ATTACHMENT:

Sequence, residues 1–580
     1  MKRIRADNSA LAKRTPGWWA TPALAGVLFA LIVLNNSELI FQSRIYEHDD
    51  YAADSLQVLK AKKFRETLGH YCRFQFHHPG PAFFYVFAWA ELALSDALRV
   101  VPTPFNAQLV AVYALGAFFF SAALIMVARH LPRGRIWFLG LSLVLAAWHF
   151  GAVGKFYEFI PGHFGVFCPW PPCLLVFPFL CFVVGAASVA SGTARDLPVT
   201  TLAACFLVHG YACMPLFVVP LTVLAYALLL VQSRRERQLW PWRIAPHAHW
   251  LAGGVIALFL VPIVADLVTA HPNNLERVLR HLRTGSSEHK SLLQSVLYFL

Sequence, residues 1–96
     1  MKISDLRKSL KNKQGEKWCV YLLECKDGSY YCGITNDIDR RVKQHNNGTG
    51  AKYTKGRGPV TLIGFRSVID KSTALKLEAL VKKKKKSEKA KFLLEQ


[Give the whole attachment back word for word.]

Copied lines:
Sequence, residues 1–580
     1  MKRIRADNSA LAKRTPGWWA TPALAGVLFA LIVLNNSELI FQSRIYEHDD
    51  YAADSLQVLK AKKFRETLGH YCRFQFHHPG PAFFYVFAWA ELALSDALRV
   101  VPTPFNAQLV AVYALGAFFF SAALIMVARH LPRGRIWFLG LSLVLAAWHF
   151  GAVGKFYEFI PGHFGVFCPW PPCLLVFPFL CFVVGAASVA SGTARDLPVT
   201  TLAACFLVHG YACMPLFVVP LTVLAYALLL VQSRRERQLW PWRIAPHAHW
   251  LAGGVIALFL VPIVADLVTA HPNNLERVLR HLRTGSSEHK SLLQSVLYFL

Sequence, residues 1–96
     1  MKISDLRKSL KNKQGEKWCV YLLECKDGSY YCGITNDIDR RVKQHNNGTG
    51  AKYTKGRGPV TLIGFRSVID KSTALKLEAL VKKKKKSEKA KFLLEQ